HGL: There’s a movie called CREATURE which opened and closed a few weeks ago. Now ,CREATURE was put together by a fellow named Sid Sheinberg who is known somewhat as Steven Spielberg’s godfather, I guess you would say, and the movie set a new low for a box office gross. How they decided to open that in theaters is something of a mystery anyways. I would like to get that for my latest movie, but the idea of “I’m going to make a movie and whatever it is, it’s going to be a success.” I think that’s as deadly as any approach could be.
BUG: Sure. Well let’s talk about some of the films you are more known for. How about we start out with BLOOD FEAST, the big one. What can you tell me about that? Do you have any stories that you have while filming that film?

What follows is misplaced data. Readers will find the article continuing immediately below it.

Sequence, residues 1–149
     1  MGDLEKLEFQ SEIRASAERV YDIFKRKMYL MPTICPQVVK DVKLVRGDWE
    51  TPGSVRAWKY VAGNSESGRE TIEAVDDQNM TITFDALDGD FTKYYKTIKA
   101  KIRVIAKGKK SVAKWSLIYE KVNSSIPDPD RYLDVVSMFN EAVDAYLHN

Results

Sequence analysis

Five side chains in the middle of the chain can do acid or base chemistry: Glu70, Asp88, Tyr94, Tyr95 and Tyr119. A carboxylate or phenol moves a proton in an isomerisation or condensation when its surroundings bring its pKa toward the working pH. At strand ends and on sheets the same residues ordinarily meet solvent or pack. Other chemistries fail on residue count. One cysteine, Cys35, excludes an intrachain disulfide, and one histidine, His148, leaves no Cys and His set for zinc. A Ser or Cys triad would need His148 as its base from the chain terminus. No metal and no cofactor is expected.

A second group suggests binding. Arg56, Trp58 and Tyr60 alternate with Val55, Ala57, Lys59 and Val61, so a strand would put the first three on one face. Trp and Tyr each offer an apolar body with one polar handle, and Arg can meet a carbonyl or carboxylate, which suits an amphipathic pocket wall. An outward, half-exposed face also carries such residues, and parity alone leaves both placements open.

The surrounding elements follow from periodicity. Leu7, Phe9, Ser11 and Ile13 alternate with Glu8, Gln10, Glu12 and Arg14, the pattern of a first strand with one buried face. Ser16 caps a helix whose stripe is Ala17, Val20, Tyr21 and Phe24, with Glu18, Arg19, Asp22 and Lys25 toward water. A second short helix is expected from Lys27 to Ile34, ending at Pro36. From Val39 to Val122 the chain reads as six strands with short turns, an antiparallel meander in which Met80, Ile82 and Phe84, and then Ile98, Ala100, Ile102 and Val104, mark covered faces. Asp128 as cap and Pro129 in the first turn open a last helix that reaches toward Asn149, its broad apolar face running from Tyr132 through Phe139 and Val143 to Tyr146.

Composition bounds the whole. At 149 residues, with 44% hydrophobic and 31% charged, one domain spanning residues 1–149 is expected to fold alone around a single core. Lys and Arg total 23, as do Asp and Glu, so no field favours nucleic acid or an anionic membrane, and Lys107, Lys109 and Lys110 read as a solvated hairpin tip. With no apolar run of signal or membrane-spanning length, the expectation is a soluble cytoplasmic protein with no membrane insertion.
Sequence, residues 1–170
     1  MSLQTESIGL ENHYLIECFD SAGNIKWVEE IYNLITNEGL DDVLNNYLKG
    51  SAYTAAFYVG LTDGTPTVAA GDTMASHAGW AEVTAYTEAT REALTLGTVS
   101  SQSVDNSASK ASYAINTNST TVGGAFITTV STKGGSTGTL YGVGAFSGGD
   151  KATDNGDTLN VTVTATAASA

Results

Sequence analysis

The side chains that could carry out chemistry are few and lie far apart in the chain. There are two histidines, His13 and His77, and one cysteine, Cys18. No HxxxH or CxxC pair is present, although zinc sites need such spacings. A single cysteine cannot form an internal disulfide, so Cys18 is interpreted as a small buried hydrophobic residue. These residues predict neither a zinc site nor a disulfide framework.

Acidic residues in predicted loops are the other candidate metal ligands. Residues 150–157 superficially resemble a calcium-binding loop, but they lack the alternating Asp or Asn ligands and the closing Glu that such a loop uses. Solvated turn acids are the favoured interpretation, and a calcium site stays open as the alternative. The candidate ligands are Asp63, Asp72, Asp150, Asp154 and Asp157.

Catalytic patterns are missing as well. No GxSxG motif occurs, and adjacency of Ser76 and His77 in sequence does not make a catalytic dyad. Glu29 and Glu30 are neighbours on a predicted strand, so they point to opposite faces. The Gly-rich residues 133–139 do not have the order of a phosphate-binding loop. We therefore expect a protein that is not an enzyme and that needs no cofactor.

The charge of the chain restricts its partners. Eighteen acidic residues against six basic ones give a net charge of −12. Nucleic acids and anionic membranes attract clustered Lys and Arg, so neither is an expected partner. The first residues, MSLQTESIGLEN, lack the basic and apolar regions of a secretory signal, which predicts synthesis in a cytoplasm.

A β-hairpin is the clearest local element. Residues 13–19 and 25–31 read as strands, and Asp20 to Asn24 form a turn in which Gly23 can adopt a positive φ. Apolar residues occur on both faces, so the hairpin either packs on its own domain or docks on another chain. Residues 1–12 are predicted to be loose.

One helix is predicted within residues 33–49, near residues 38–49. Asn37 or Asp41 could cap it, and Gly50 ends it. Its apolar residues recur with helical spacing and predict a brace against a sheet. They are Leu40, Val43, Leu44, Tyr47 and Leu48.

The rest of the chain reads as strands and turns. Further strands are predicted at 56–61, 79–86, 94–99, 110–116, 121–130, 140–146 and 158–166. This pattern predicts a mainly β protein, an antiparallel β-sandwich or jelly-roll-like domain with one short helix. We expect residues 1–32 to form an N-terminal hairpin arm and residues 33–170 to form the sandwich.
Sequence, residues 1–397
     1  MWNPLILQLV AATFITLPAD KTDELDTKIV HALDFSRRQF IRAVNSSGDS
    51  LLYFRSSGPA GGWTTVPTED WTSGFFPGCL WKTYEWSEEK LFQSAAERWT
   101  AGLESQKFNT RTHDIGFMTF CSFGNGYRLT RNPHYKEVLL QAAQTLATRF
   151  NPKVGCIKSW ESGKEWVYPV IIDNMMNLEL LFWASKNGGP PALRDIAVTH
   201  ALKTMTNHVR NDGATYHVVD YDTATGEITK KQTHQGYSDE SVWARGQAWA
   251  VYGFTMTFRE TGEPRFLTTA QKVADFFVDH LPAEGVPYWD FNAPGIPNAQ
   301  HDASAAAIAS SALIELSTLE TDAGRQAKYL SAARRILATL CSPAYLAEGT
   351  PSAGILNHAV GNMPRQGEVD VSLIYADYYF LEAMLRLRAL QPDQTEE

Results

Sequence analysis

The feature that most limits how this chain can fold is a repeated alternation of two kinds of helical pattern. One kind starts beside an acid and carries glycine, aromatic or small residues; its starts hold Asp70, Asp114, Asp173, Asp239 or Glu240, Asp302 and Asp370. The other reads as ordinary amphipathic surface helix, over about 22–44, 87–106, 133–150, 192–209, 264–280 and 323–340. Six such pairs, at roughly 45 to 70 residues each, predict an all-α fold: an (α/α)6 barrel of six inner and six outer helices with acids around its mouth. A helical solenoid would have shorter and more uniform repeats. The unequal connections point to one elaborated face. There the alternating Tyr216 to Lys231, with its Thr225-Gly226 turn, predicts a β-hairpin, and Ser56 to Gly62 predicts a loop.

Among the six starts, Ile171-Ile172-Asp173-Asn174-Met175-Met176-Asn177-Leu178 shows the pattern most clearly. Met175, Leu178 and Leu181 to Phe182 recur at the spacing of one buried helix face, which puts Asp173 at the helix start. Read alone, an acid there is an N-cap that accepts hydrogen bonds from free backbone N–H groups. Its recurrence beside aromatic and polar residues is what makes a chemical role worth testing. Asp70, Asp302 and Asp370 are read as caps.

HGL: (Laughs) Yes. When we started to do BLOOD FEAST we shot everything on location, I could not afford to go to a studio and that was about as experimental as a movie could be, because nobody had ever made a movie of this type before. Our philosophy, Dave Friedman’s and mine, was that we wanted to make the kind of motion picture the major companies could not make or would not make and yet some brave theater would exhibit and a handful of courageous film goers would go to look at and I was working around what kind of movie might that be? Well, the studio business was going in a direction I didn’t want to get into. At the time I had told him, I said, “That’s as far as I want to go with this. What might we do next?” But I had the equipment. I had an ancient Volkswagen bus loaded with obsolete equipment and somebody said to me, “That camera of yours ought to go to the Smithsonian” and my answer was “Where do you think I got it?” The whole thing was done with high good humor, but in the case of BLOOD FEAST here was an opportunity, and we called these people when we were looking at their homes and around their home, their yards and so on, that we were shooting an orange juice commercial and by the time they found out that it was quite obvious after we had shot a scene or two that it certainly not an orange juice commercial, we were up and gone. (Laughs)